Aperture vs. F-Stop – The Difference Between

The difference between aperture and f-stop

The aperture is the small opening in a camera that lets light through to the film and has a direct impact on the quality of the photo. F-stop refers to f-number and is the diameter of the aperture in relation to the overall length of the camera. Both are important terms in photography and are the first things that a student will learn in a photography course.

To put the meaning of f-stop in simpler terms it is the ratio between the focal length of the camera and the diameter of the lens. It is directly related to the speed of the lens.

Aperture refers to the size of the opening in the camera at the time that the photo is being taken. When you hit the shutter on your camera to take a picture, this opening, which is very small, controls the amount of light that the photo will receive. The light sensor inside the camera uses this amount of light to capture the image on the film. The size of the aperture is measured in f-stops. Therefore f-stop refers to the size of the aperture.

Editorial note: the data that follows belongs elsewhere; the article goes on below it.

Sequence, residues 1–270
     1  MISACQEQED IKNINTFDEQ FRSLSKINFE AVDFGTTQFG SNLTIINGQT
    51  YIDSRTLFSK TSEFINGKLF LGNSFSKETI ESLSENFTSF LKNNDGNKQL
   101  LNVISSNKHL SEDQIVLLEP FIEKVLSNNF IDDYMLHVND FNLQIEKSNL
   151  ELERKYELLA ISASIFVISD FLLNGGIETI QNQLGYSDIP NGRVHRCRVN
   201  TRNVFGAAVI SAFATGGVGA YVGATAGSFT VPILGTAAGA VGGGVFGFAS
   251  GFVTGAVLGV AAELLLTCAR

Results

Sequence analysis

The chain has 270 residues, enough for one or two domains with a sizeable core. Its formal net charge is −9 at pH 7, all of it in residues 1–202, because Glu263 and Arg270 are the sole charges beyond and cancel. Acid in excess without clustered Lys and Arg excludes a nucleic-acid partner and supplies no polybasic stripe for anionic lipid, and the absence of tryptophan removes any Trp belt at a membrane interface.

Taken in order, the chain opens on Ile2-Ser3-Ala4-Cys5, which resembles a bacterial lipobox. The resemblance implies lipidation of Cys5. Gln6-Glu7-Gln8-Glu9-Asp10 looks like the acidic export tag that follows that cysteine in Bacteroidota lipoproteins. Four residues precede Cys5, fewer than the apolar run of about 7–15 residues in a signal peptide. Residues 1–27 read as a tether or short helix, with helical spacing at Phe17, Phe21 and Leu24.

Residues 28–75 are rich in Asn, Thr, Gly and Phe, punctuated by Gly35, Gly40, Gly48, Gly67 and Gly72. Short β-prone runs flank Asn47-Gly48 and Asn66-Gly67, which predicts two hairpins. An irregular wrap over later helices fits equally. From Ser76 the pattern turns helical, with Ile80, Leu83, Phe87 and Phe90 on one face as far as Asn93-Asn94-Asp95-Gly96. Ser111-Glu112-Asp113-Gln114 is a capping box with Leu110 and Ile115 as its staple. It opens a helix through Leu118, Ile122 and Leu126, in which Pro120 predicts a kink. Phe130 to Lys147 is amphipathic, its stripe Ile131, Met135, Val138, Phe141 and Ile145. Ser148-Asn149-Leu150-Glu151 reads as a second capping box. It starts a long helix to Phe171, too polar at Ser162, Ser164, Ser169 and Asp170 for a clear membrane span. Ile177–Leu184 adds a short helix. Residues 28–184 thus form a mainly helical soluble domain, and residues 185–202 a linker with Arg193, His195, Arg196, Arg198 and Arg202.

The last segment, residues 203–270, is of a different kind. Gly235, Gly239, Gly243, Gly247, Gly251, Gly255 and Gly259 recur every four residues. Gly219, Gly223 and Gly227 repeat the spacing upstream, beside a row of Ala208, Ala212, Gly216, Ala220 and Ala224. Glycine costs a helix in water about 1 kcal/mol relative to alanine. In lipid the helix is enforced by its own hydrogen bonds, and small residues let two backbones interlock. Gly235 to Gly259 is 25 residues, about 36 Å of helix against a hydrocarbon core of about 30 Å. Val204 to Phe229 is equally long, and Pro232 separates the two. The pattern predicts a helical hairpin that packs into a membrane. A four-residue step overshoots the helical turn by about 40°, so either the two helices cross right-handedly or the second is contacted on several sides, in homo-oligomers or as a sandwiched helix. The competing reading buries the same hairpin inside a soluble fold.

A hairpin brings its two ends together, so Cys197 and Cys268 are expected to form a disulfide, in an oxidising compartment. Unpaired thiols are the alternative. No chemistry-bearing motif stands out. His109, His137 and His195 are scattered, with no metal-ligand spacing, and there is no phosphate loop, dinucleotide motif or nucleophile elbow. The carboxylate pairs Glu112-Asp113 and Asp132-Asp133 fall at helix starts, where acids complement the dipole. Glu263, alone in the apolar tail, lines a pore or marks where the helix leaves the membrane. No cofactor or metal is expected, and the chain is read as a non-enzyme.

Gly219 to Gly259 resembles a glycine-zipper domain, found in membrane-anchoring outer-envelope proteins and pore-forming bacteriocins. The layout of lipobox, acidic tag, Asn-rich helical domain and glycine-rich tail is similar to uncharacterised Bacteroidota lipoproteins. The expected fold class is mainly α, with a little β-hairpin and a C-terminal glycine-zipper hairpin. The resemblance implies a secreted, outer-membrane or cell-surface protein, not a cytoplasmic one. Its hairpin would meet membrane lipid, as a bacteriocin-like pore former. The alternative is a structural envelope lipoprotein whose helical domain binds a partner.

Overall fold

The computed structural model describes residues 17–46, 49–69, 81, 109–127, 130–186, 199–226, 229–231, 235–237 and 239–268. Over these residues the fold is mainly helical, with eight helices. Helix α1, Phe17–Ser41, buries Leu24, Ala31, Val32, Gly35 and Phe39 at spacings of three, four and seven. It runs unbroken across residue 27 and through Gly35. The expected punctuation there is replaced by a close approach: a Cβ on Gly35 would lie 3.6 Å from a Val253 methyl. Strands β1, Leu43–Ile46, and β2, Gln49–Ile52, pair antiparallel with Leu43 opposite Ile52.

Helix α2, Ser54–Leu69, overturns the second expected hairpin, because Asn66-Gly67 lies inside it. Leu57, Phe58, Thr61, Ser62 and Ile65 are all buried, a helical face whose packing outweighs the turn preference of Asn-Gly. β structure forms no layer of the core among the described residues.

It is somewhat confusing because the larger the f-stop, the smaller the aperture will be. The most commonly used f-stops range from f2 to f22, with f22 being the smallest. The lens of the camera is always open and is large. It is only when you press the shutter button that the lens blades make the appropriate aperture for the picture according to the setting that you choose.

In the world of photography, those that are used to using these terms often use aperture and f-stop as if they were the same thing. The two do have a direct relationship, but as the f-stop number increases, the size of the aperture decreases.

There are certain things that happen as you reduce the f-stop on the camera. These are:

  • More light comes into the camera and this reduces the exposure.
  • It makes the picture blurry because it reduces the depth.
  • It reduces the overall sharpness of the image on the film.

Summary

  1. F-stop and aperture are two commonly used terms in photography.
  2. Aperture refers to the size of the opening to let light through and f-stop is the measurement of this opening.
  3. Aperture and f-stops are the inverse of each other.